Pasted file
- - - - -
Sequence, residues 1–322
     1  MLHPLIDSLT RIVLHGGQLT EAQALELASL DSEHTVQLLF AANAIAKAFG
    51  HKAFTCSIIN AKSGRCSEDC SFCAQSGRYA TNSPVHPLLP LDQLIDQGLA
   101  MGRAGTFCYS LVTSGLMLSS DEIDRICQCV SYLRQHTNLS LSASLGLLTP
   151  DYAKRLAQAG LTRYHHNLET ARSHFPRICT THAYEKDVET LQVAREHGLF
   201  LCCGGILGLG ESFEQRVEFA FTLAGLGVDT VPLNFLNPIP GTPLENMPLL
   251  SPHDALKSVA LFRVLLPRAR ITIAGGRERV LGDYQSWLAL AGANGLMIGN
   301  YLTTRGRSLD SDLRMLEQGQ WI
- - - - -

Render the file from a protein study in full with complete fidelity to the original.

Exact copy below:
Sequence, residues 1–322
     1  MLHPLIDSLT RIVLHGGQLT EAQALELASL DSEHTVQLLF AANAIAKAFG
    51  HKAFTCSIIN AKSGRCSEDC SFCAQSGRYA TNSPVHPLLP LDQLIDQGLA
   101  MGRAGTFCYS LVTSGLMLSS DEIDRICQCV SYLRQHTNLS LSASLGLLTP
   151  DYAKRLAQAG LTRYHHNLET ARSHFPRICT THAYEKDVET LQVAREHGLF
   201  LCCGGILGLG ESFEQRVEFA FTLAGLGVDT VPLNFLNPIP GTPLENMPLL
   251  SPHDALKSVA LFRVLLPRAR ITIAGGRERV LGDYQSWLAL AGANGLMIGN
   301  YLTTRGRSLD SDLRMLEQGQ WI